Correlation Effects on Transition Energies in the Series of Linear Polyenes. III Dynamical Correlation Effects
View Description Hide DescriptionAn optimization of the atomic orbitals is rederived for the ground‐state energy of conjugated systems. Within some reasonable assumptions, this optimization (analogous to that proposed by Silverstone and Joy) allows the orthogonalized atomic orbitals to be considered as v rtual orbitals in the CI calculation when one starts from a SCF calculation performed in the minimal basis set of optimized atomic orbitals. The reorganization of the MO in the excited state leads to a spatial expansion in the singlet state and a spatial contraction in the triplet state. But this effect is less and less important when the dimension of the system increases, and the corresponding energetic correction decreases as . A less pronounced effect is obtained on the singly occupied orbital; the doubly occupied MO's are not significantly modified in the singlet state. The role of the atomic orbitals in the correlation effects on the transition energies is much more important. It is not mainly due to the monoexcited configurations (which only give a correction proportional to ) but to the doubly and triply excited states: Their correction tends towards a constant value which has been estimated.

Vibrational Spectra and Structure of Oxalyl Chloride in the Crystalline and Fluid States
View Description Hide DescriptionThe vibrational spectrum of oxalyl chloride, [COCl]_{2}, has been recorded between 33 and 4000 cm^{−1}. The infrared spectra of the oxalyl chloride molecule have been examined in the solid, liquid, and gaseous states. The Raman spectra of the solid and liquid have also been observed, and qualitative depolarization ratios have been measured. The vibrational spectrum of the crystalline material has been interpreted on the basis of molecular symmetry and space group symmetry. All 12 of the normal vibrations have been assigned, and the barrier to internal rotation around the C–C bond has been obtained. Nine bands appear in the infrared and Raman spectra of the liquid/gaseous states which do not appear in the spectra of the solid. In light of depolarization data and the frequencies for the vibrations of the trans isomer, these bands are interpreted as arising from a cis rotamer. A temperature study was made in order to determine the relative stability of the rotamers. The trans isomer was found to be 2.2 kcal/mole more stable than the cis form. A rough estimate of the equilibrium mixture at room temperature based on intensities and an assumed equilibrium constant gives a value of 15%–20% for the cis isomer.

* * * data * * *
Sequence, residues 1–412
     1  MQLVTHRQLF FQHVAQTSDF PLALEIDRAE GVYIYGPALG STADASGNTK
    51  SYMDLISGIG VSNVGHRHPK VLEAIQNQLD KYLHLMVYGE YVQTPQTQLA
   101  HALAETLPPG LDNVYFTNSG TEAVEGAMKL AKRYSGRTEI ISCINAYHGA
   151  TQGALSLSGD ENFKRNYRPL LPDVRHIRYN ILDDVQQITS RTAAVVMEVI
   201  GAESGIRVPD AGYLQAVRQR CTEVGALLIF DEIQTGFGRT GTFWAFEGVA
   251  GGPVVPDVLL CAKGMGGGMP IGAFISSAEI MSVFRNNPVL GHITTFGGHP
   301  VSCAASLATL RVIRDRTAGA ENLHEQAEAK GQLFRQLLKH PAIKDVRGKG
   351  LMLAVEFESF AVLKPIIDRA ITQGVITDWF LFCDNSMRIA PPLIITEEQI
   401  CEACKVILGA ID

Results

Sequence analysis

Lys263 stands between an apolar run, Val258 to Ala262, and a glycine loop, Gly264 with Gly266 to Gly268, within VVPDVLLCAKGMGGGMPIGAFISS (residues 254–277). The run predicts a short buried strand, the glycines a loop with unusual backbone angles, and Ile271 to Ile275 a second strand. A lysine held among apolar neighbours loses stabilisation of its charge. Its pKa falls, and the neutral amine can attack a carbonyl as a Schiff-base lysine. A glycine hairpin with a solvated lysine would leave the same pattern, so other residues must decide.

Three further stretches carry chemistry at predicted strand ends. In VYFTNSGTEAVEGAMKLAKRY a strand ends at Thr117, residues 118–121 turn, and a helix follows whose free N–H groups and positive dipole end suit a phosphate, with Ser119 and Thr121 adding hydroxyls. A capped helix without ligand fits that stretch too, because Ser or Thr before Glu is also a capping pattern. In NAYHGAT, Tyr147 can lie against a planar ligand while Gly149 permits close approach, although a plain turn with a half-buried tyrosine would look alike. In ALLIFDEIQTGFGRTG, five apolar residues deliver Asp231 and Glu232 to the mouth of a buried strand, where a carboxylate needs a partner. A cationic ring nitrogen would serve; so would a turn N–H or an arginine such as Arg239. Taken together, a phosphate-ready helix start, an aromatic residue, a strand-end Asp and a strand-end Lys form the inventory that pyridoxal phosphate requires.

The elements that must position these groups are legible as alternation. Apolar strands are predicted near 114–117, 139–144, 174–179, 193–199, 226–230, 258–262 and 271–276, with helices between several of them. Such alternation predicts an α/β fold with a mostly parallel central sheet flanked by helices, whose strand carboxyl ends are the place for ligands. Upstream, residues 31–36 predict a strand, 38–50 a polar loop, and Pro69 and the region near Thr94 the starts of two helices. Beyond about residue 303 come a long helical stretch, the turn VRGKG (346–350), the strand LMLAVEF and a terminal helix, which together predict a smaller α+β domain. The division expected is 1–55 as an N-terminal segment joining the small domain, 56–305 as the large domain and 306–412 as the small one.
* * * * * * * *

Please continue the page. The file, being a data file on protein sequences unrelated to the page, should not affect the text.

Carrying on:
Vibrational Spectra and Structure of Small Ring Molecules. XVI. Vibrational Analysis and Ring‐Puckering Vibration of 1‐Pyrazoline
View Description Hide DescriptionThe infrared spectrum of gaseous 1‐pyrazoline has been measured from 33 to 4000 cm^{−1}. The infrared and Raman spectra of the corresponding liquid sample have also been recorded. A vibrational assignment of the fundamentals is proposed which is consistent with the equilibrium configuration. The assignment is based on the gas‐phase band contours, the depolarization values, and group frequency correlations. A series of 13 pronounced branches was observed in the far‐infrared spectral region, and they have been attributed to the strongly anharmonic ring‐puckering vibration. Although the far‐infrared frequencies could be reproduced by two different potential functions, a double minimum potential of the form where is the reduced ring‐puckering coordinate provides the most satisfactory interpretation of all the spectral data. The height of the inversion barrier is calculated to be 113 cm^{−1}, and the equilibrium angle between the two dihedral planes of the puckered ring is 19.7° ± 1.0°. The results are compared with those obtained on cyclopentene.